French Travel


 Champagne vineyards in Mailly-Champagne near Reims, eastern France. Photograph: Francois Nascimbeni/AFP/Getty Images

Champagne vineyards in Mailly-Champagne near Reims, eastern France. Photograph: Francois Nascimbeni/AFP/Getty Images

This week, UNESCO’s World Heritage Committee approved the vineyards of Burgundy and the Champagne region of France as World Heritage Sites. They noted the regions’ unique soil types and fermentation methods. France now boasts 41 sites on the Heritage list, including the Saint-Emilion vineyards in Bordeaux. We’ll toast to that!

Sources:

Corks fly as Champagne, Burgundy win UNESCO status / France24

Unesco grants champagne industry world heritage status / The Guardian

The French have their own unique, stylish ways of celebrating Halloween traditions. Here are some Halloween photos we found in the blogosphere from different regions of France.

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Witches’ Festivals take place in small towns all over France, inspired by the witch trials of the 16th and 17th centuries. From getintravel.com.

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pumpkin-mushroom-sweets-cannes-allaboutgem-blog

Pumpkin- and mushroom-shaped candies and chocolates in Cannes. From allaboutgem.com

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Pumpkin stand. From the Busy as a Bee in Paris blog.

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Paris costume shop, from the blog Paris at a Certain Age. The shop name Au Fou Rire means “laugh out loud!”

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Jack o’lantern, Eiffel Tower. From avenuestory.com

Halloween-en-France-thetravelerscollection-blog

Fine wines, cheeses. (What else does one need?) From The Travelers Collection blog.

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Witch, pumpkins, Eiffel Tower. From jimlepariser.fr

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Pumpkin-shaped candies. From Le Petit France.

Paris Christmas lights on the Champs Elysées, Galeries Lafyette and Printemps.

Check out this travel blog and feast your eyes on the beautiful Parisian lights! You will feel as if you are walking through Paris at night.

–Brett

Trick or Treat!

FREE trick or treating in Old Town Tustin on Halloween, this Wednesday! Put on costumes and come to our neighborhood after school from 3:00-5:00, and trick or treat with the restaurants and shops. Hundreds of people come every year. It’s a fun time to visit and people-watch.

Old Town Tustin centers around the intersection of Main and El Camino Real with lots of free parking around the neighborhood. Google Maps Link

Here are some photos from last year…

Marge Redmond Flamme of Old Town Flooring

Marge Redmond Flamme of Old Town Flooring

Marge Redmond Flamme at Old Town Flooring.

Jean-Michel and Miss Bobbie in front of Miss Bobbie's Low-Carb Shoppe & Cafe

Jean-Michel and Miss Bobbie in front of Miss Bobbie’s Low-Carb Shoppe & Cafe

Jean-Michel poses with Miss Bobbie at Miss Bobbie’s Low-Carb Shoppe.

France Today Magazine

NEW this month and available in-store only! I Dream of France now offers France Today magazine. Written in English, France Today is full of articles about French travel, food & wine, culture, design, shopping, real estate and much more. Each issue also includes the TV5MONDE listings (US cable/satellite channel of French programming).

We also offer Edible Orange County magazine for more articles about food, art, and Southern California culture. The Fall 2012 issue is all about chocolate!

–Brett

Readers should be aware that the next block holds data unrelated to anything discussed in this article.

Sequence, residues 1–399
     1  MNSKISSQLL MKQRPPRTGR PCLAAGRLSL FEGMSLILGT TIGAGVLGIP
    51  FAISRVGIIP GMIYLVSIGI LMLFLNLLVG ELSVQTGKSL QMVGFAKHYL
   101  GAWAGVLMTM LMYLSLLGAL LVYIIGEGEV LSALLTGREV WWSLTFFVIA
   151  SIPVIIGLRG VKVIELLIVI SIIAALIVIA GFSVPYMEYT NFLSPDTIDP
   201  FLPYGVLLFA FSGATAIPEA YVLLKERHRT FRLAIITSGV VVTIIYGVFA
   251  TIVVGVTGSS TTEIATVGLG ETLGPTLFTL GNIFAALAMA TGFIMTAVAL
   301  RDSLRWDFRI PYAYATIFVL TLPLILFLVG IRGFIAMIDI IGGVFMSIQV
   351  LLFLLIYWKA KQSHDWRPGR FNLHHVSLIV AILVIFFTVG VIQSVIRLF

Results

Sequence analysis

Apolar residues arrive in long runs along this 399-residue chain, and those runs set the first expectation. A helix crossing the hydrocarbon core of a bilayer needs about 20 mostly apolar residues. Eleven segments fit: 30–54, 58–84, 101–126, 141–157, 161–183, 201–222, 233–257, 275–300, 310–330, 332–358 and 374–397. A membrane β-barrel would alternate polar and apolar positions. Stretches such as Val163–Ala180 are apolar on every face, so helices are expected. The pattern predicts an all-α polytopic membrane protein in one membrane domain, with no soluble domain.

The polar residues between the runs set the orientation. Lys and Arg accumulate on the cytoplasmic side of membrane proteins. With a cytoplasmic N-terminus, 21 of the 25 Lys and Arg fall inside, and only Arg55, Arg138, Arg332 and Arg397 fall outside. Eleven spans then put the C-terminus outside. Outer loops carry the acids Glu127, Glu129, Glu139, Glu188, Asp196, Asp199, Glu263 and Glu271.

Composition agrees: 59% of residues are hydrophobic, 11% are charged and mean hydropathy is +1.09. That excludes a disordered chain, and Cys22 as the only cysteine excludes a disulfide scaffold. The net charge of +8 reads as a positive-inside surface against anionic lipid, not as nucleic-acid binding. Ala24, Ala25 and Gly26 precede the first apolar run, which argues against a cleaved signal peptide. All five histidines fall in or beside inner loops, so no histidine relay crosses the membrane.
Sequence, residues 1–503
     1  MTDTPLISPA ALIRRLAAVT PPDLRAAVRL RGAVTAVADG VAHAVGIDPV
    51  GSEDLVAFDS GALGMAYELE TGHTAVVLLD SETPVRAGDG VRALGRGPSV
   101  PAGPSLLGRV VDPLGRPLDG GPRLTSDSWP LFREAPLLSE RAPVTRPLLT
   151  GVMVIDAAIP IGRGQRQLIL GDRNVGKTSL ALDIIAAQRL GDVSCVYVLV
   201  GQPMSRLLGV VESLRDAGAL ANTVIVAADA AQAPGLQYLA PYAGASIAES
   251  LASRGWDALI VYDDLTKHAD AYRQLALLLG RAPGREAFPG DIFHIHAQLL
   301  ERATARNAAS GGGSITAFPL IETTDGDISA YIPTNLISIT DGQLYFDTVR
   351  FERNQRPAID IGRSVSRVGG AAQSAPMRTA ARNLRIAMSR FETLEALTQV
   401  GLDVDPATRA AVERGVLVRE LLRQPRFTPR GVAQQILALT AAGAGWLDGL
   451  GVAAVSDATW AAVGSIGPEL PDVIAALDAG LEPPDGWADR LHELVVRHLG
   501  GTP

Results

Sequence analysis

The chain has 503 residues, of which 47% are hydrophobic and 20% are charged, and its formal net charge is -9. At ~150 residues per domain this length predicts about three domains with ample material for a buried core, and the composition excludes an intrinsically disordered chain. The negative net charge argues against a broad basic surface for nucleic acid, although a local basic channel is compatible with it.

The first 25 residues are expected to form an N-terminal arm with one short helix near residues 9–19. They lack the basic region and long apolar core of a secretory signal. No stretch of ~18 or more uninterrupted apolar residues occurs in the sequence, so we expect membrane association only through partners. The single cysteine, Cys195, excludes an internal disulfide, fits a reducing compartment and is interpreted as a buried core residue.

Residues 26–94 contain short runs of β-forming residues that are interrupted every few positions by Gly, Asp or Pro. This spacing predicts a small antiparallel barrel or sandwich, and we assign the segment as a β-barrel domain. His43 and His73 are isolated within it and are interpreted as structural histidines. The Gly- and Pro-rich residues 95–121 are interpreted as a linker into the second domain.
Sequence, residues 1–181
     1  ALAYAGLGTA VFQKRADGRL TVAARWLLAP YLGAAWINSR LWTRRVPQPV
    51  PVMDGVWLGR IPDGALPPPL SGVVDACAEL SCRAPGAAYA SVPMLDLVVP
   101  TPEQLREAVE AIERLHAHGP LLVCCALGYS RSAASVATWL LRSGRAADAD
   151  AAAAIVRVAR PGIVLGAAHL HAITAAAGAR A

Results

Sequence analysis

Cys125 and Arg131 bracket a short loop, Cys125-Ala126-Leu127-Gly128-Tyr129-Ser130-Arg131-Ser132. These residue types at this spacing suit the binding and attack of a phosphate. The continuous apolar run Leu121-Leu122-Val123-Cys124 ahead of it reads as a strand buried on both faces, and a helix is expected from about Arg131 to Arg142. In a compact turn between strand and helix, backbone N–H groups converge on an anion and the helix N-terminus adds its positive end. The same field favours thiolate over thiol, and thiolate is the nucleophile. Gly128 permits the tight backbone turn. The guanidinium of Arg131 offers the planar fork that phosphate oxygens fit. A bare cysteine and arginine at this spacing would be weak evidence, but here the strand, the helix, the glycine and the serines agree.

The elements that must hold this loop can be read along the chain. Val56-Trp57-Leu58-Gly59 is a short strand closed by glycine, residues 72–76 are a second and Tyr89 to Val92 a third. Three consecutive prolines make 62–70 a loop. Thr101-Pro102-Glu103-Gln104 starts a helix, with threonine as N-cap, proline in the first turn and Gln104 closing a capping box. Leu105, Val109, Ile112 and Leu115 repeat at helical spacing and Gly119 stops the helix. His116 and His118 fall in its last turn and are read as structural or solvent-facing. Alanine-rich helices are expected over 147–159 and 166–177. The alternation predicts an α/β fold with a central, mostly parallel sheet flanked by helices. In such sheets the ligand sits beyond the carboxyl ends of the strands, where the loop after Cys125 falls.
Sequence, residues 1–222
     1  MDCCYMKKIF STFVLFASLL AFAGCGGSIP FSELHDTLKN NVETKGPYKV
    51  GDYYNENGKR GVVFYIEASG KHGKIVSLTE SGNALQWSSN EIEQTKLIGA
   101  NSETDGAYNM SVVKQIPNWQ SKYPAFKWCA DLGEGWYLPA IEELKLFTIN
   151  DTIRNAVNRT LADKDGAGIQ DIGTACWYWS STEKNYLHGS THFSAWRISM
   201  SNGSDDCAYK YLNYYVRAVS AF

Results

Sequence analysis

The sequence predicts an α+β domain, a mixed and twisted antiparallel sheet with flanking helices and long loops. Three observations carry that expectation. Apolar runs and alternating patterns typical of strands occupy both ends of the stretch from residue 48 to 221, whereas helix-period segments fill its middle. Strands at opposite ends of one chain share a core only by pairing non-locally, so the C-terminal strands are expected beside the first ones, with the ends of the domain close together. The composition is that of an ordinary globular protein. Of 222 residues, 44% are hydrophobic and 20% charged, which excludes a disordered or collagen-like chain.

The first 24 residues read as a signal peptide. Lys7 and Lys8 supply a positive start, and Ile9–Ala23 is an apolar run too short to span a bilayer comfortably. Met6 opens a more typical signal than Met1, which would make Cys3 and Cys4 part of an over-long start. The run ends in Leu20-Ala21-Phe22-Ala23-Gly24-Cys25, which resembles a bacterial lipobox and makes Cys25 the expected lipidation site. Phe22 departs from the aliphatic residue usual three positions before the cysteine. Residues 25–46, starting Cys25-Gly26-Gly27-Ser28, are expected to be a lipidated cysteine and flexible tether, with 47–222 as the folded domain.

Paris Fireworks

Paris Fireworks

Bonne Année! Happy New Year!

I just came across a terrific calendar you can download from Etsy.com that has many photos of Paris and happens to be free. The calendar was made by the owner of the Magalerie Etsy shop. (We are not connected in any way. I just think her calendar is cool.)

Free Calendar PDF Download from Magalerie

–Brett

Fans of Parisian apartments, pick up the October issue of Architectural Digest and feast your eyes! Tour through text and photos the apartment belonging to Anne McNally is the Marais district (specifically, the Place des Vosges). Nearby is the house where Victor Hugo wrote Les Miserables. The building dates to the 1600s, and the apartment’s interiors (paneling, doors, marble fireplaces, and so on) go back to the 1700s.  The decor is described as “meaningful possessions, impeccable fabrics and colors, not too much of anything.” Sounds like an ideal combination to me. Special pieces include custom furniture made  by Julian Schnabel, an Aubusson rug, and Louis XVI chairs.

Anne McNally's  Paris Apartment  -- Living Room -- Photography by William Waldron

Anne McNally's Paris Apartment -- Living Room -- Photography by William Waldron for Architectural Digest

–Brett

Have you heard about the Google Art Project? Google asked museums around to world to let them photograph their buildings and collections to put online for everyone to view. The museums chose which works to show (some are blurred for copyright protection) and Google did the rest. The absolutely amazing result is that people anywhere and everywhere can discover and view more than a thousand artworks online in extraordinary detail. See the 200-foot-long Hall of Mirrors online, no plane ticket or trip through TSA required.

versailles hall of mirrors

Versailles Hall of Mirrors

On a related note, our building (The Cox Market Plaza in Old Town Tustin) and boutique interior were recently photographed by Google for our place page. The Google photographer took lots of pictures of our shop, which should be online in a few weeks. I guess we got the same treatment as Versailles!

I Dream of France After Dark

I Dream of France After Dark

–Brett & Jean-Michel

Bonne Année — Happy New Year! Two of the home decor magazines we subscribe to are starting off 2011 right with pictorials of Paris apartments. Check out newsstands for the January ’11 issues of Architectural Digest and Veranda.